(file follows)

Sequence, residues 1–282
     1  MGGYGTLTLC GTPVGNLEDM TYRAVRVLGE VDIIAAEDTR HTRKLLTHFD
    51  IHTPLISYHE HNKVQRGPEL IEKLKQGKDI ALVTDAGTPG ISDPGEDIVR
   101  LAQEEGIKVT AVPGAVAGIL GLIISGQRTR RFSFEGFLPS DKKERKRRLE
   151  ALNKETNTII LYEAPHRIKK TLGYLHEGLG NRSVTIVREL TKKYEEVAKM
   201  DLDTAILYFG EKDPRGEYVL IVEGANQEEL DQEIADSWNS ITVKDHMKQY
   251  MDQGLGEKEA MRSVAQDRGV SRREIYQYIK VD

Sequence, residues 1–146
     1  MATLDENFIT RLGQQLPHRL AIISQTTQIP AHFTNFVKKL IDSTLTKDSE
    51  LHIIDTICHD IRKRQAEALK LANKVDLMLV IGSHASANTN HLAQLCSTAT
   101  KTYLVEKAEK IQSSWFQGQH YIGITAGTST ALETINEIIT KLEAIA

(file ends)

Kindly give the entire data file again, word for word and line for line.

Sequence, residues 1–282
     1  MGGYGTLTLC GTPVGNLEDM TYRAVRVLGE VDIIAAEDTR HTRKLLTHFD
    51  IHTPLISYHE HNKVQRGPEL IEKLKQGKDI ALVTDAGTPG ISDPGEDIVR
   101  LAQEEGIKVT AVPGAVAGIL GLIISGQRTR RFSFEGFLPS DKKERKRRLE
   151  ALNKETNTII LYEAPHRIKK TLGYLHEGLG NRSVTIVREL TKKYEEVAKM
   201  DLDTAILYFG EKDPRGEYVL IVEGANQEEL DQEIADSWNS ITVKDHMKQY
   251  MDQGLGEKEA MRSVAQDRGV SRREIYQYIK VD

Sequence, residues 1–146
     1  MATLDENFIT RLGQQLPHRL AIISQTTQIP AHFTNFVKKL IDSTLTKDSE
    51  LHIIDTICHD IRKRQAEALK LANKVDLMLV IGSHASANTN HLAQLCSTAT
   101  KTYLVEKAEK IQSSWFQGQH YIGITAGTST ALETINEIIT KLEAIA